It’s well known in the medical profession that women going through the menopause are at an increased risk of suffering from depression. Many studies have shown that HRT can be helpful for treating the symptoms associated with depression in this group, but new research has now shown that it could also be used as a prevention tool. It was found during the study that HRT reduced the chances of depression in pre-menopausal women, although it didn’t show any benefits to women in late or post-menopause.

The study, which was carried out by University of Regina in Canada, the University of North Carolina and National Institute for Mental Health in US, looked at the effects of HRT on 172 women between the ages of 45 and 60. It found that women in perimenopause (the “pre-menopausal stage”) who were given HRT were significantly less likely to suffer from depressive symptoms than those who were given a placebo drug. The percentages of women who scored highly on the depressive symptom score set out by the Center for Epidemiological Studies Depression Scale were 32% and 17.3% retrospectively.

The researchers also noted that none of the women who took part in the study showed signs of depression before the study. Other factors that were taken into consideration in the year long study included the women’s menopausal status at the start of the study, stressful life events, previous episodes of depression, other symptoms of menopause like hot flushes and previous cases of sexual or physical abuse.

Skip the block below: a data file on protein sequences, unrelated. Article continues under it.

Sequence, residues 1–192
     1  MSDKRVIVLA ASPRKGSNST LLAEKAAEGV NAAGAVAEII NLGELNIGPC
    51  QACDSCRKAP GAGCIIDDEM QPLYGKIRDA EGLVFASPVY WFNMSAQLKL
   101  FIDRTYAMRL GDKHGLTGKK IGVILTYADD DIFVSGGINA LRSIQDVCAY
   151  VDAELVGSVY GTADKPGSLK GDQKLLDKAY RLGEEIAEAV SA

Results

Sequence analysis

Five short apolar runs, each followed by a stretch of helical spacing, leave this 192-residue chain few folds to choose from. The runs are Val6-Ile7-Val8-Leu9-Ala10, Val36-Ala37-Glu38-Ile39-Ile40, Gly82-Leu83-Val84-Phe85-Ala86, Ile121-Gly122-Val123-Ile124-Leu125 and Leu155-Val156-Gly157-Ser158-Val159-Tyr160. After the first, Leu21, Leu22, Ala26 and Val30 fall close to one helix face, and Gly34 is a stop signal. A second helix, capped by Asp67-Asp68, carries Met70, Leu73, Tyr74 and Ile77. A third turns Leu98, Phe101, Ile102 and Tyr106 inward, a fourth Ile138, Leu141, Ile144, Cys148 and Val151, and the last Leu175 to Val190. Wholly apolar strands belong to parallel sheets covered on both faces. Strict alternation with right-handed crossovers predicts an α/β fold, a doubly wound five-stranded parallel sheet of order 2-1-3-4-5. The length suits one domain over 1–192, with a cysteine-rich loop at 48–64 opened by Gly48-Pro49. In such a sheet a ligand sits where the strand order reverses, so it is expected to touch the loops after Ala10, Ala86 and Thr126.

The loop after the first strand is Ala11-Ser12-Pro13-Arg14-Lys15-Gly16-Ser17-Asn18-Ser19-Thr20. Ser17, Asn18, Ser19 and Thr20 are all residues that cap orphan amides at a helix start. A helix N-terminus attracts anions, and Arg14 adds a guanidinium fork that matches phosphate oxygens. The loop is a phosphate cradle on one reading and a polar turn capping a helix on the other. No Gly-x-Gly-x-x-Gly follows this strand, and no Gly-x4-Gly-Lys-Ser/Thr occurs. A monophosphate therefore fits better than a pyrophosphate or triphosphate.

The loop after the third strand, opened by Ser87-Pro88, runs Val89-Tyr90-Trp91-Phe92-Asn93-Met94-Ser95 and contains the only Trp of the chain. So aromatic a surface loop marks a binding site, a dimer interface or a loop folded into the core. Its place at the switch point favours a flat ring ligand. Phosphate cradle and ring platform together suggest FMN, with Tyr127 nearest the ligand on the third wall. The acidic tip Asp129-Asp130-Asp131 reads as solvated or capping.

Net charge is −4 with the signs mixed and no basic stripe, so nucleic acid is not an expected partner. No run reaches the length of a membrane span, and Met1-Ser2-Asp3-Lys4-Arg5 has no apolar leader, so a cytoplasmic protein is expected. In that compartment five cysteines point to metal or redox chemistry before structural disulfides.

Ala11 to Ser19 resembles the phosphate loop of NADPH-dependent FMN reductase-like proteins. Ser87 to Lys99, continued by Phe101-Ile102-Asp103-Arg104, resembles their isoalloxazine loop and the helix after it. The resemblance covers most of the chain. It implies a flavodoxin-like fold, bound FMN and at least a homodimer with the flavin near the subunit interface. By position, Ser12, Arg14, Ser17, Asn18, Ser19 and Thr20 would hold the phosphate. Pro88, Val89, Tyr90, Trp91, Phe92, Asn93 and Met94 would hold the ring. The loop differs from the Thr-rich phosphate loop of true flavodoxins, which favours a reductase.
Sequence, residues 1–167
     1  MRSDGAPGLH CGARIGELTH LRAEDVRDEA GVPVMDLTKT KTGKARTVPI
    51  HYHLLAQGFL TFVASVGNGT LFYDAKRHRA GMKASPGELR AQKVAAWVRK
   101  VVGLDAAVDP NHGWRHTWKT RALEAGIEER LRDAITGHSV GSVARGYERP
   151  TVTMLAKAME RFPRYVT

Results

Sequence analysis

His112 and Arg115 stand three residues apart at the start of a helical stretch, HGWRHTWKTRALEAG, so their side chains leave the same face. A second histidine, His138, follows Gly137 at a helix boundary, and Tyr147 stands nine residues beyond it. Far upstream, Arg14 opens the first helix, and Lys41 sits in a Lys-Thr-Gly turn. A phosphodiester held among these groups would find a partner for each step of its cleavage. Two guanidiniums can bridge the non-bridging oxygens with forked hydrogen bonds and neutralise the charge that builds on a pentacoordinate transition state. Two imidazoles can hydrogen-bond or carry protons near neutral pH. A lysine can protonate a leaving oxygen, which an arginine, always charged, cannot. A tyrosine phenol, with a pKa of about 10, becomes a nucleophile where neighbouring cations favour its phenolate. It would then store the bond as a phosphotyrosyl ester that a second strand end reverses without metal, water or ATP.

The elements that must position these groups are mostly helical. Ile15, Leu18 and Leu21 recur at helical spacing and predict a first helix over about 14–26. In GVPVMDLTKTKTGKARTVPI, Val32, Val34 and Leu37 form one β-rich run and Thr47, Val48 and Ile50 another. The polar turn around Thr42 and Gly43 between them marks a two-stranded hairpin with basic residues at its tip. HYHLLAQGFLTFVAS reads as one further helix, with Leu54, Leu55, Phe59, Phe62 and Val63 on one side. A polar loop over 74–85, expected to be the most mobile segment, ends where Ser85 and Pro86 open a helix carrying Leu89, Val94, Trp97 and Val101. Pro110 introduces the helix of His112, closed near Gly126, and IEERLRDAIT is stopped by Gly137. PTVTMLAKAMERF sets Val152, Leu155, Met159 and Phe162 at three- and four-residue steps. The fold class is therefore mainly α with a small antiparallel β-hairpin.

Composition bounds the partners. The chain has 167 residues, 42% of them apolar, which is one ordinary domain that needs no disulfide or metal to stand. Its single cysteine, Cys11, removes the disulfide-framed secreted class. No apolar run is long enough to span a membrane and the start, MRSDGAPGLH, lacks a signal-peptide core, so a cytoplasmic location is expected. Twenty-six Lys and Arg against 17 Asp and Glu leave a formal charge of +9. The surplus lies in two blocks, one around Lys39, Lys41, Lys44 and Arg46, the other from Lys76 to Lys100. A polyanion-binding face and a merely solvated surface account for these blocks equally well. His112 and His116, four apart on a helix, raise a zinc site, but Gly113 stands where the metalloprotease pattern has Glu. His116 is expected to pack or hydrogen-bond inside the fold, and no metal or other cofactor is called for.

The researchers added that the study highlights the fact that menopausal women “are at high risk for developing clinically significant depressive symptoms” and that this study is the first to show that HRT “prevents this transition-related increase in risk for depressive mood”. They also said medical professionals need to remain “alert to the high risk for clinically significant depressive symptoms” in women going through early menopause and that – if their findings are repeated in a larger study – they should “consider using [HRT] as a prophylactic [protective] treatment in the prevention of clinically significant depressive symptoms” in patients.

It was also noted that although this study shows strong results, it would need to be repeated using a much larger sample of women before it could be routinely used as a treatment option for preventing depression. It’s also important to bear in mind that, when offering this treatment to women, it can cause side effects including light or moderate bleeding. There is also evidence to suggest that it can increase the risk of breast cancer and blood clots, although most experts agree that the benefits of HRT outweigh the potential risks.

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